9. Excuse me, Torveaux, but you seem to have been so anxious to lecture about bedtimes that you didn't bother to read the original posting carefully. The meeting was only moved to *7pm* so it is almost certainly finished well before 9pm (I'm guessing by 8pm which is why I suggested that the girl could just be picked up a little early). And the members seem to prefer the slightly later time too since they are now getting to the meeting on time. Anne doesn't say that anyone else is complaining or not coming. So why do you say "nobody comes"? I agree that 10pm does sound like a late bedtime, but it'
  10. I didn't subscribe to Scouting when I was in our old pack, but the new pack just buys a subscription for every member out of the annual fees it collects. I was just going through the Sept 2007 Scouting magazine before tossing it into the recycling bin and I found some great information for new leaders. Turns out that you can get the "program helps" in other ways besides as an insert in the Scouting magazine. The current, next, and past months are available in pdf online at www.scouting.org/cubscouts/resources That webpage also has a lot of links that would be very helpful for you, especiall
  11. DenZero, Now I understand why you would rather have a small pack. Nearly 20 boys in a den does not make for an ideal program in my opinion. I truly sympathize with your situation, having been in similar situations myself. Like your pack, my current small pack has a nearby very large pack. However in our case, the big pack at a neighboring school has not been nice in the way they have aggressively tried to recruit from my pack's main school. They got some scouts from my pack's school a few years ago when my pack had problems and have let our CM know that they think it is inevitable t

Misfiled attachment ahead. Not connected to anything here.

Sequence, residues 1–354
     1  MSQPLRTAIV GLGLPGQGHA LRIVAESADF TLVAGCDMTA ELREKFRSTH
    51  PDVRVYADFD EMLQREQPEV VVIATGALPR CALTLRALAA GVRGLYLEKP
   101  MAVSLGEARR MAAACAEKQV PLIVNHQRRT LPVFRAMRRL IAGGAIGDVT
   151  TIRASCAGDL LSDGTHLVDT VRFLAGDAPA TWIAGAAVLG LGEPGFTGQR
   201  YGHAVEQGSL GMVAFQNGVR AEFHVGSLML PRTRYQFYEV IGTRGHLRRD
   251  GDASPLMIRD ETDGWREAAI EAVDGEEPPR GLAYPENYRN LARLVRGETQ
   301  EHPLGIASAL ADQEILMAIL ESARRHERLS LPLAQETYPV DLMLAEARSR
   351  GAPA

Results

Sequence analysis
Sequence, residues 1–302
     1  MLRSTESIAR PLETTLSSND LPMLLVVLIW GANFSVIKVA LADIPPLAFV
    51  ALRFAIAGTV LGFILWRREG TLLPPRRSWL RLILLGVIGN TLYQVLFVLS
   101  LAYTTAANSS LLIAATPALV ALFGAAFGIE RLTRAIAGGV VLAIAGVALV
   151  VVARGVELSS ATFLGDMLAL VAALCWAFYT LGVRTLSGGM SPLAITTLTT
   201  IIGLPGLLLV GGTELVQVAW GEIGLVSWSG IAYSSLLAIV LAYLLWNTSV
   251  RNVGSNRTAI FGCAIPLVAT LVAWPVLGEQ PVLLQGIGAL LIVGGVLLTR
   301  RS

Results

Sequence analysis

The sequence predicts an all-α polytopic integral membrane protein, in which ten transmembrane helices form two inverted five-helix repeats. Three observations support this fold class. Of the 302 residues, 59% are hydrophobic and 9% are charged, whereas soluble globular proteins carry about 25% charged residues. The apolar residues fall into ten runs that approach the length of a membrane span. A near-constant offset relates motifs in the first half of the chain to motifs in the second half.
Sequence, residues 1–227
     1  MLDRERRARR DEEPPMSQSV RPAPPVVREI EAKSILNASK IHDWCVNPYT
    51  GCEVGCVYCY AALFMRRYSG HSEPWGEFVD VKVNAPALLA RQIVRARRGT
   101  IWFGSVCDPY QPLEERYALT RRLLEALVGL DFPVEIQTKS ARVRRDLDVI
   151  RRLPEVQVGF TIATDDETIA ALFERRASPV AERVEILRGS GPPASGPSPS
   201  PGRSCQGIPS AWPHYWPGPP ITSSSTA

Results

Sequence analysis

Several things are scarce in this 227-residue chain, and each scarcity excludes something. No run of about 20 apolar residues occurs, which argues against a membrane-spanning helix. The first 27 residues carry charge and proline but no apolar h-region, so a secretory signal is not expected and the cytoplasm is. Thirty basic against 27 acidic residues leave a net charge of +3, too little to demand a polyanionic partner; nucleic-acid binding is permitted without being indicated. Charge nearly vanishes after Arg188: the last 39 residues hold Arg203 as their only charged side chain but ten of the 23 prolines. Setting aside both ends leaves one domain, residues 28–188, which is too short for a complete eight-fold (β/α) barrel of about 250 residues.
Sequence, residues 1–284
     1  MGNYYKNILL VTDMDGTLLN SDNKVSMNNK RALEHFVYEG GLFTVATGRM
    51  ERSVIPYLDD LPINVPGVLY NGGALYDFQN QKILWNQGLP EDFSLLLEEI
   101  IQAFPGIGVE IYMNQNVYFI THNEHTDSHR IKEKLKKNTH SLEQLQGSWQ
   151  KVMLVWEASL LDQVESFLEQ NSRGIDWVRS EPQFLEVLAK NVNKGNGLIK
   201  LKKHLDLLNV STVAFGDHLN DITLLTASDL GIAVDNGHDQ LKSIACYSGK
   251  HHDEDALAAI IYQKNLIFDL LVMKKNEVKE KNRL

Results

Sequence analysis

12. Denzero, is your pack a relatively new one just trying to get off the ground or an old one that has fallen on hard times? And if the pack has no den leaders, then what adult leadership does it have? I notice that your profile says you are a CC. Does the pack at least have a really good CM? However, regardless of what other adult leadership the pack has, you really can't have Cub Scouts without DLs. You can get by without ADLs, and you can even get by with a DL who is also CM (my son's current pack is like this), but what you have won't really be CS without DLs. And I think that without DLs yo
  13. You are absolutely right, Jayne. I came close to burning out myself in the first few years until I realized that I couldn't be everyone's mother. I do feel sorry for children whose parent(s) are so unwilling to go to any effort for them. These parents are often so self-centered that they resent even spending a few minutes to take their children to scout meetings, so they certainly do not take their children to museums or sports events or do crafts with them---which is why their children tend to benefit the most from scouts. This same self-centered attitude causes them to expect that sched
  14. Jayne, in my 9th year as a Girl Scout leader, I sure appreciated the chuckle your GS leader phone answering system gave me! Anne, I've had my share of difficult parents over the years. Sad thing is that it's usually the girls with the difficult parents that you feel would miss out the most if they left GS, so you tend to bend over backwards for them. But if you bend too far, you'll break, and give up being a leader at all, and then all the other girls will miss out too. I agree with the person who suggested that you respond to unreasonable complaints by telling the parent how sorry yo
  15. Our district usually has an annual "Webelos Woods" in which troops camp from Fri-Sun and Webelos are invited for Saturday (with den and/or parent) and optionally Saturday night (with a parent). I was not able to attend that event last year, but my ADL's son did with his dad, and that experience pretty much sold them on our pack's affiliated troop whom they camped with. I attended our council's 100th anniversary Camporee with my son two weeks ago. Most Webelos visited only during the day on Saturday, but my son and I stayed overnight. It was certainly interesting for me to wander around t